I woke up to the sound of falling rain and checked the clock. The plan was to wake up early and go north. Escape the city and it’s tempting arcades that held me captive two nights in a row.
From Tokyo station we boarded a train bound for Nikko, an hour and a half journey, with a change at Utsunomiya. The main destination in Nikko is the lavishly decorated Toshogu; the shrine and mausoleum of Tokugawa Ieyasu, founder of the Tokugawa shogunate. Yet, the town and it’s surroundings have a lot more to explore.
With this in mind we boarded a bus from Nikko station to Kegon Falls, in the vicinity of Lake Chuzenjiko. The driver moved with surgical precision through the narrow and sinuous mountain roads surrounded by tall trees. We stopped on a deserted bus terminal near the shore of Lake Chuzenji. Famous for its Onsen hotels and koyo – autumnal colours – there was little people around. However, Kegon falls, regardless of time of year, is a sight to behold. This massive one hundred meter drop is the only exit for the waters of the near by lake. If impressive from the road side, then after taking an elevator down, the scene was overwhelming.
The same foggy atmosphere that engulfed the mountains, followed us to Toshogu. Set in a beautiful forest, the mausoleum was initially simple, expanding along the years to what it is now; more than a dozen buildings spanning all the way up the mountain. Its uniqueness lies in the combination of Buddhist and Shinto elements, something unseen anywhere else in Japan.
The big granite Torii door marks the entrance to sacred ground, the road up is steep and covered in gravel. Heavy mist surrounded us, the deeper we got into the complex. I couldn’t help feelingl the height of solemnity in the air.
My romantic ideal of Japanese mountain shrines was fuelled by hours playing Final Fantasy. The beautiful temple sceneries surrounded by thick mist, and priests chanting in a grave, low tone were my favourite in the game; experiencing such a thing was amazing. The main shrine building is composed by an outer praying hall, and behind it, the inner and main hall. Countless woodcarvings, covered in gold leaf and bold colours, adorn these buildings. Every single piece tells a story, and together form a more complex tale. The visual richness, visible from far away, is overwhelming.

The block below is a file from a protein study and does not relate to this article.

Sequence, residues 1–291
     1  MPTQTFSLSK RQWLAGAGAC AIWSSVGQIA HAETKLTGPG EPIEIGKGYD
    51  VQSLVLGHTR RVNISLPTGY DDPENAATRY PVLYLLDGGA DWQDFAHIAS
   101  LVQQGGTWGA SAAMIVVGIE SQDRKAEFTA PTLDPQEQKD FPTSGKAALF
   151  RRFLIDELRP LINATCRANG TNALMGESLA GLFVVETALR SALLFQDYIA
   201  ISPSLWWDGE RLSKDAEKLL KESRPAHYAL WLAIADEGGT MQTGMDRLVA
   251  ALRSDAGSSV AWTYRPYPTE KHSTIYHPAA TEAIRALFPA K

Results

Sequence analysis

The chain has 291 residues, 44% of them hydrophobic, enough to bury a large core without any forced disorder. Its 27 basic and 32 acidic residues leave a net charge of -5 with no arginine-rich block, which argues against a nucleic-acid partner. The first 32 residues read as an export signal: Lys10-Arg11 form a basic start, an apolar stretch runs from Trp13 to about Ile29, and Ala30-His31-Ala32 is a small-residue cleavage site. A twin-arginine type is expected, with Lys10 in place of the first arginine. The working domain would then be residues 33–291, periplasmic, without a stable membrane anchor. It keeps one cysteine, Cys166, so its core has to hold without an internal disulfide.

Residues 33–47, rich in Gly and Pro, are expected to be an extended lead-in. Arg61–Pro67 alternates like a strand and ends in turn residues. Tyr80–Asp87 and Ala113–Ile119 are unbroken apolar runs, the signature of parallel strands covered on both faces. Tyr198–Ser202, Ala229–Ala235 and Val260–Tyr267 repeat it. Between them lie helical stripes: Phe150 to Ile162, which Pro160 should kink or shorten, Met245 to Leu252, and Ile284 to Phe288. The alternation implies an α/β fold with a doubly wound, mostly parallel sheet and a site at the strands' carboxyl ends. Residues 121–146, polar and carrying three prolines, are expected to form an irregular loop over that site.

Next to the shrine a gate adorned with the famous carving of Nemurineko, the sleeping cat, marks the start of a long flight of stairs that leads uphill, through the mountain, to Tokugawa mausoleum. The mausoleum itself is a sober and austere place, so it’s amusing to see a stray cat taking a nap in the middle of it.
After soaking up the peaceful scenery, we descend through the slippery stone stairs, and enter Honjido Hall. The building is massive and presents twelve statues of each Chinese zodiac sign. Yet, it’s centrepiece is a large dragon painted across the ceiling, known as the Crying Dragon.
In a broken English, a priest invite us to join a small crowd. After a few words, he claps two blocks of wood together in several locations across the hall. It’s only in a particular location that the sound echoes in a way that resemble a shrill cry, giving the dragon it’s name. You have to hand it to Japanese architects and their knowledge of acoustics.
We were engaged in conversation by the priest shortly after. He was keen to know our zodiac signs, to point us to the correct statue for us to pay our respects and possibly, buy an Omamori. Like in every temple, the exit was through the talisman shop.
When we left the complex, and walked down through the main path, it was difficult not to look back in awe. The ambiance was perfect; the gold leaf and greenery, that surrounded the buildings, was beautifully paired with the low mist. But when we reached the Shinkyo bridge something wonderful happened. The sun came out behind the clouds for a brief moment. Rays of sunshine inundated the valley, like it was thanking us for visiting.